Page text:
Fourteen of the 33 cars that qualified for the Indianapolis 500 either have no or little sponsorship money coming in. And if not for a few last minute deals such as Eli Lilly & Co. Inc. sponsoring A.J. Foyt IV and the city of Las Vegas swooping in to sponsor John Andretti for one race, it would be even worse.
The first four rows look rock solid, with the likes of Target, 7-11, Motorola, Panasonic and WilliamRast plastered all over the cars. Those are legitimate paying customers.
But two-thirds of the drivers in the back seven rows are either driving cars with empty sidepods or emblazoned by sponsors that are ponying up little or no money--or have promised money, but have a history of non-payment.
“Empty sidepods, plain and simple, show there’s a problem,” said Dennis McAlpine, a New York-based motorsports analyst. “It shows there’s excess supply and not enough demand.”
And if the IRL can’t attract team sponsors to its cornerstone race, McAlpine said, that shows a potentially deeper problem. “Come on, this is the greatest spectacle in racing,” he said.
It’s not just little-known, no-talent drivers that don’t have sponsors. The likes of Graham Rahal, who won IRL’s St. Petersburg, Fla., race this year, former Indy 500 winner Buddy Rice and fan favorite Sarah Fisher are all without primary sponsorship.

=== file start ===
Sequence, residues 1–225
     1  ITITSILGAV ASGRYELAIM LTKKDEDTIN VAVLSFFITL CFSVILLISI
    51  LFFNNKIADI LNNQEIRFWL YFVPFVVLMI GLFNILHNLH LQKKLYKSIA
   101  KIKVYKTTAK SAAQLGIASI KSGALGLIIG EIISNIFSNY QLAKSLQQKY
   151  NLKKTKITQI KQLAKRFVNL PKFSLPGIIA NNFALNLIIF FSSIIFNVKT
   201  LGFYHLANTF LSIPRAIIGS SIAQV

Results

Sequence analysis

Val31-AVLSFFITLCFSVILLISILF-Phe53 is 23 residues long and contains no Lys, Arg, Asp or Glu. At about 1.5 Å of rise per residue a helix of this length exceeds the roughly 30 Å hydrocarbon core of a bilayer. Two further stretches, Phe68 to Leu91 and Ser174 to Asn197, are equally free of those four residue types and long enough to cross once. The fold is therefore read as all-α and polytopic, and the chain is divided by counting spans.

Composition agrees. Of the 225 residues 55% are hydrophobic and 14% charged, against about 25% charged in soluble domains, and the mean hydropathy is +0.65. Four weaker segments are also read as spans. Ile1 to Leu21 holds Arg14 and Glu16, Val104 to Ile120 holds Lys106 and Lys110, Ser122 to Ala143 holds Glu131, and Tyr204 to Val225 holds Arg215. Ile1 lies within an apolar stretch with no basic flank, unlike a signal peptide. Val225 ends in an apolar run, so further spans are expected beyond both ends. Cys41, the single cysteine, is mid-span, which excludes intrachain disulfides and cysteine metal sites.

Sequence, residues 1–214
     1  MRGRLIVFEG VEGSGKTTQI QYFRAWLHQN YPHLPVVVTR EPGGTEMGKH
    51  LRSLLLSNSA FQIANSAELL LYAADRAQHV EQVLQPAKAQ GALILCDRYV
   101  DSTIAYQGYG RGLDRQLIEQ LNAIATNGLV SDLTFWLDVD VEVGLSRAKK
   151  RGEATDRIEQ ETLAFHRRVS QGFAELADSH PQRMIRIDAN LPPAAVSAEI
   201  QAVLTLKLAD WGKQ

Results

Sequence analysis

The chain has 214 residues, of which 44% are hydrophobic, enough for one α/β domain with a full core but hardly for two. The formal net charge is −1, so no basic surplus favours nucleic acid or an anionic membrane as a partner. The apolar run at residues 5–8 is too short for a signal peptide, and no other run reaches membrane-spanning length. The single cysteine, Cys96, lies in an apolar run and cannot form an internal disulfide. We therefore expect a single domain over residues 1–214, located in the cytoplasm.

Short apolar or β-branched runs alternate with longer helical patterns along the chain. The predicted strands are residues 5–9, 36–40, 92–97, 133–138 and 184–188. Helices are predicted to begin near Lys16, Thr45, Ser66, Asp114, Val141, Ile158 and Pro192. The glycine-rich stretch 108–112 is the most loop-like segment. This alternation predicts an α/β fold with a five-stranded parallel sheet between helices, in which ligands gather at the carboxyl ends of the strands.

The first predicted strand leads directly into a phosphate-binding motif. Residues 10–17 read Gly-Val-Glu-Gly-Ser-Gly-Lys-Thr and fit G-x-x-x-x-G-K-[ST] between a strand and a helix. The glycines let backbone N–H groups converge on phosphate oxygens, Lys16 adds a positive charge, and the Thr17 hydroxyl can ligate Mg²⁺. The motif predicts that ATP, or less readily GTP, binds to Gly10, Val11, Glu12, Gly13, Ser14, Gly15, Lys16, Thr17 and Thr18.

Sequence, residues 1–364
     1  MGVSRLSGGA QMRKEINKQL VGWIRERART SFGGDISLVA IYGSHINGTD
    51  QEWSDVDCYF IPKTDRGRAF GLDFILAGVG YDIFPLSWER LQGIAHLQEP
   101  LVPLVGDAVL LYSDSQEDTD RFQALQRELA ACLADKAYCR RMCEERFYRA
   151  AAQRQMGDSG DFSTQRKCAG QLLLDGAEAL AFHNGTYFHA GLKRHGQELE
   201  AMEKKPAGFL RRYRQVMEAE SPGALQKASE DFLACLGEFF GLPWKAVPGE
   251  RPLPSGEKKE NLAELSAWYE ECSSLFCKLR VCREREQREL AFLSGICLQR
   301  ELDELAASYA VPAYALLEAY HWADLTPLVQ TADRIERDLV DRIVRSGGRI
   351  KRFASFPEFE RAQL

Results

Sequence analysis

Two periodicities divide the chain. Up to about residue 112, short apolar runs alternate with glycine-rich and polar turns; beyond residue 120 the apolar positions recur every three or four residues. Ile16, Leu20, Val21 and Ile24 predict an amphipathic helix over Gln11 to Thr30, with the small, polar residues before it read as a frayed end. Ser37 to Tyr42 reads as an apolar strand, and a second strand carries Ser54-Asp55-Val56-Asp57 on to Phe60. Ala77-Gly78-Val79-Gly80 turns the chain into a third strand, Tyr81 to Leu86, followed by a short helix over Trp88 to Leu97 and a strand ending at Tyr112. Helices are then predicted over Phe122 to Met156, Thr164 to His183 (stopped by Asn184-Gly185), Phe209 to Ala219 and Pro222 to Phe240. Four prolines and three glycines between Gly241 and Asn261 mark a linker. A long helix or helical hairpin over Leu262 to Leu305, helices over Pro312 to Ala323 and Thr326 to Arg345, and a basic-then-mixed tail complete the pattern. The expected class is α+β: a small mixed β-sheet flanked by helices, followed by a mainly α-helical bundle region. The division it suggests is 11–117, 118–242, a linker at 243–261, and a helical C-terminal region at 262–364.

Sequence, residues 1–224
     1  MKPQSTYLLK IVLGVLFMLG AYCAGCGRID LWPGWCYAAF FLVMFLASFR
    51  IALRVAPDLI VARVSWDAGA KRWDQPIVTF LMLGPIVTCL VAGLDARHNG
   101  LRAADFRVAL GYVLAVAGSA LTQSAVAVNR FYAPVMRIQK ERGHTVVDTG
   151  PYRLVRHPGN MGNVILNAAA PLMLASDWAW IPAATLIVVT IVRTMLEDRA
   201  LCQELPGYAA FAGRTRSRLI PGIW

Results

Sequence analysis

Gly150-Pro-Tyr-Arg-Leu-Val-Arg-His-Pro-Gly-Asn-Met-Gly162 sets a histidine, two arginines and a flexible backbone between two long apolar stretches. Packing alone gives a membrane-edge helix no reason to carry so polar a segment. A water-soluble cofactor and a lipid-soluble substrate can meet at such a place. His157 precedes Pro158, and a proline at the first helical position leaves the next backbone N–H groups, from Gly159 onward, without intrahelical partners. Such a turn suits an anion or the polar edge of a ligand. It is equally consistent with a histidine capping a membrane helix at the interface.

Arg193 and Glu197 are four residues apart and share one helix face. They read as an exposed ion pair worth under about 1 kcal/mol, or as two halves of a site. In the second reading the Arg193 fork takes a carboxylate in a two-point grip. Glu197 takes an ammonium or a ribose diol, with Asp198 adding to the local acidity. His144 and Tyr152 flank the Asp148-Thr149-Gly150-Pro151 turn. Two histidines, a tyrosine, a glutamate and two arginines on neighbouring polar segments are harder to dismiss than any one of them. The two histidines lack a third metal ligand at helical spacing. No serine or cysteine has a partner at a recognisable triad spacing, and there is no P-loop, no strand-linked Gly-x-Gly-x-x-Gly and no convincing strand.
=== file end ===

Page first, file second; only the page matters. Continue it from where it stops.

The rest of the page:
Zak Brown, president of Just Marketing International, is optimistic things will be different within two years. His firm has been hired to hunt title sponsors for the league.
“You have to be patient,” said Brown, whose firm represents some of the biggest sponsors in NASCAR and Formula One. “A lot of the Champ Car teams came over with no sponsorships, and these deals don’t get put together overnight.”
Brown expects about 25 cars to have solid sponsorships next year, and even more in 2010. Brown said several of his clients, including Hilton Hotels, have shown interest in the IRL since its unification with Champ Car and will be attending the Indianapolis 500 Sunday to sample the product.